Source: The Indian Express
Becoming a mother is a life changing experience for women, making them both powerful and fearful. , i was fearful of whether i will be allowed to step aside in case of an emergency.’ During this unfortunate time, with no clarity about the future, new lives are being welcomed around the world.
Let’s have a look at the different kind of experiences the newly born mothers have to share with us.
On May 5, 2020, Pune-based Neha — a homemaker — delivered a baby boy via a C-section at a Cloudnine Hospital in the city: “Initially, I was experiencing these mixed feelings. I was scared thinking how I am going to give birth in this environment. I even got tested for COVID-19 before I was admitted. Before the test results came in, I was in an isolation ward. Later, when I saw the room that was assigned to me, I was at ease.”
“Towards the end of the third trimester, I was pretty apprehensive. I did not know what was going to happen and the ongoing pandemic made it worse. My main fear was if I will be allowed to step outside in case of an emergency. Pass ke liye rokengey toh nahi (will they stop me if I don’t have a permit), I would ask myself. The doctors had even limited the visits to the hospital, so every day I used to check the baby’s movement myself — in fact I would do it every two hours. By the time the day would end, a new one would start and we would have to go through the routine all over again. My husband had stocked up on medicines so he wouldn’t have to go out frequently, and our doctor had given us a checklist. We were asked to reach out to them only in case something was off. Otherwise, online consultations and medicines continued,” she explained.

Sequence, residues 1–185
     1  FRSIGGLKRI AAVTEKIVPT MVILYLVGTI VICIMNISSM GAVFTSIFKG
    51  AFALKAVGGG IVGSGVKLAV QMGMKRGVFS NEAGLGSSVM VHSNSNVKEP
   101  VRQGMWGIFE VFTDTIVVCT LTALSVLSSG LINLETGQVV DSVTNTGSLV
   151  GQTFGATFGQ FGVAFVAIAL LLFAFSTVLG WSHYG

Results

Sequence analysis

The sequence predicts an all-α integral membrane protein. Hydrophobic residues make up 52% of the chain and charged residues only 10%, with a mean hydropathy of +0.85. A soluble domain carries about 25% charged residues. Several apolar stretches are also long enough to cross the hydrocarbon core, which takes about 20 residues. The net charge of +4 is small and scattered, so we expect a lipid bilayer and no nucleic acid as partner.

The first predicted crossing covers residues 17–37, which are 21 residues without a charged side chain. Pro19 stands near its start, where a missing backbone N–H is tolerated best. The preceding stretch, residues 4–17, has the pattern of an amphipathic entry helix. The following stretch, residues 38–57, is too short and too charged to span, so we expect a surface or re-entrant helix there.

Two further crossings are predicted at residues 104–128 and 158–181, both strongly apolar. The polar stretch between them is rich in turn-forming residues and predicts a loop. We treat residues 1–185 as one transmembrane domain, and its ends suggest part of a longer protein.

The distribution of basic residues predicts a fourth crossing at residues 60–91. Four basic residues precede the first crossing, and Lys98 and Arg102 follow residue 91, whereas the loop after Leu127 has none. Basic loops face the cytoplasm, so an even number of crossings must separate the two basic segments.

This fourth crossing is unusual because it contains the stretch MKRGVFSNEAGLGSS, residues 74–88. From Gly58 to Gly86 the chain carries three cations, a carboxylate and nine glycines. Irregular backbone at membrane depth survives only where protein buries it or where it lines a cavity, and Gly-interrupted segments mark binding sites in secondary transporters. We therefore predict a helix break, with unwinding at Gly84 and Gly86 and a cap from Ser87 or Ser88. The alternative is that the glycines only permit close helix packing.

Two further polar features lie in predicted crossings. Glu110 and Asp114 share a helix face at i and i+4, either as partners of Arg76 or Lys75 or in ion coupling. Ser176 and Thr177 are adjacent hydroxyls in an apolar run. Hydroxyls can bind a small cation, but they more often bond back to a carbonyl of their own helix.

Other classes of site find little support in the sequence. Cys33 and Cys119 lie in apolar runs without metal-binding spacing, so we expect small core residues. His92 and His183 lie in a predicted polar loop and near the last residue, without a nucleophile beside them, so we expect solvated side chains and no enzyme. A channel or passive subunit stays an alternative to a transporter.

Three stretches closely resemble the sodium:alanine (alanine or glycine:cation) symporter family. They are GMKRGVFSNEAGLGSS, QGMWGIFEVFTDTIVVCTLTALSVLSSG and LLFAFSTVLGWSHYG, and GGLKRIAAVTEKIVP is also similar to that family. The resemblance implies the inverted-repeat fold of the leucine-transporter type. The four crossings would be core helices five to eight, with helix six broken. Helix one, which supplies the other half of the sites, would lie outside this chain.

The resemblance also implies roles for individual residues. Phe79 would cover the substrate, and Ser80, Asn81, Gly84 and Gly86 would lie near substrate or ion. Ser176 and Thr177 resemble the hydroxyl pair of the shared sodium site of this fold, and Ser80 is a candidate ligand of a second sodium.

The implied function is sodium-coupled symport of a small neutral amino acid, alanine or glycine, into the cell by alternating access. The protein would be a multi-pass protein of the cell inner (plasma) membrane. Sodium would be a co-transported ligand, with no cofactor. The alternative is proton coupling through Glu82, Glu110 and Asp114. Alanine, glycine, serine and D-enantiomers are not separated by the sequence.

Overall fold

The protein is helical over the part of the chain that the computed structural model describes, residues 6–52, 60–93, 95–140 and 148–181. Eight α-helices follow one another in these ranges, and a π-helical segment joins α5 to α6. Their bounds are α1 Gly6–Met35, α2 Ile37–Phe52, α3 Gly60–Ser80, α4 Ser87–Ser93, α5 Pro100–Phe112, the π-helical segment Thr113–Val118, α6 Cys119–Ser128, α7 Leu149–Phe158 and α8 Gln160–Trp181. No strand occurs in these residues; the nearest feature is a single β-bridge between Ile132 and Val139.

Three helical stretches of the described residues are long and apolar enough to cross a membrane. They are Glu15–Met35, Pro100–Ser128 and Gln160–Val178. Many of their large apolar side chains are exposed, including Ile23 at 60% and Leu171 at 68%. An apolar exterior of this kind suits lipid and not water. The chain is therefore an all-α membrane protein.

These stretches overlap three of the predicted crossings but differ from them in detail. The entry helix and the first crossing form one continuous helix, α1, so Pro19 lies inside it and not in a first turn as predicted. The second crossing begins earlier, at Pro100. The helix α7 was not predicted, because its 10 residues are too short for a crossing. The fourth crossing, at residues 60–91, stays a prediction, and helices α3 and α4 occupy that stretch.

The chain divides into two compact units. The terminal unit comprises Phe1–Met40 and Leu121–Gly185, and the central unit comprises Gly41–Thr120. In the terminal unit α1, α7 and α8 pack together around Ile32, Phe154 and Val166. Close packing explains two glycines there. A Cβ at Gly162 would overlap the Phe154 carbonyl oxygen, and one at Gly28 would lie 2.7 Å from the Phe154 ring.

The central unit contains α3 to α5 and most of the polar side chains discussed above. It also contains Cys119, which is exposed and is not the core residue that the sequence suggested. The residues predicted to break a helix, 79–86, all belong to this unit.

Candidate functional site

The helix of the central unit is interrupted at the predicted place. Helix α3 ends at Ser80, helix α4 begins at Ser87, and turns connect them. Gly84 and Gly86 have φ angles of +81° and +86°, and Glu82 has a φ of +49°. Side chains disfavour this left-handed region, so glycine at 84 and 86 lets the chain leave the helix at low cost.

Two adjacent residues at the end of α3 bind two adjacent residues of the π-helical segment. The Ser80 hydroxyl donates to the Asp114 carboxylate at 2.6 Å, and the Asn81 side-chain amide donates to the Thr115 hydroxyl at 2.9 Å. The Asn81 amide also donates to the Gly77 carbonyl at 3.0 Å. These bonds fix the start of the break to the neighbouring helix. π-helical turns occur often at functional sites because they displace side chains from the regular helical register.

Chethana advises that mothers-to-be take care of their health and upon the arrival of their baby, wash their hands frequently or use the sanitizer before holding the baby.
For Mohali-based Manisha Sharma, a bank employee, her baby boy arrived just as the world was waking up to the news of the virus, in January. While a lockdown was not really in place, Manisha feared the news of this baby arriving would cause an influx of relatives and friends from near and far. “It was so chaotic and I was scared to go to the hospital. My son came into this world on January 23, and even though there weren’t as many cases in Punjab, we had restricted ourselves from meeting relatives. But it was only when the lockdown became more conclusive, did it become extremely tough. I used to avoid going to the hospital with my baby; I would call my doctor up instead,” she said.
Manisha said it was the vaccination visits that troubled her. “My son had a vaccination due on April 11. I called up the doctor and they said if I wanted to, I could bring him to the hospital for the dose — I thought of it as extremely risky. That’s when my branch manager — who was also due in April — suggested I get in touch with Cloudnine Hospital to get the vaccination done at home. This was my very first delivery and I was afraid of touching anything at the hospital, or waiting even. It helped that vaccinations happened at home and I could feed and pacify my baby from the comfort of the house,” she said.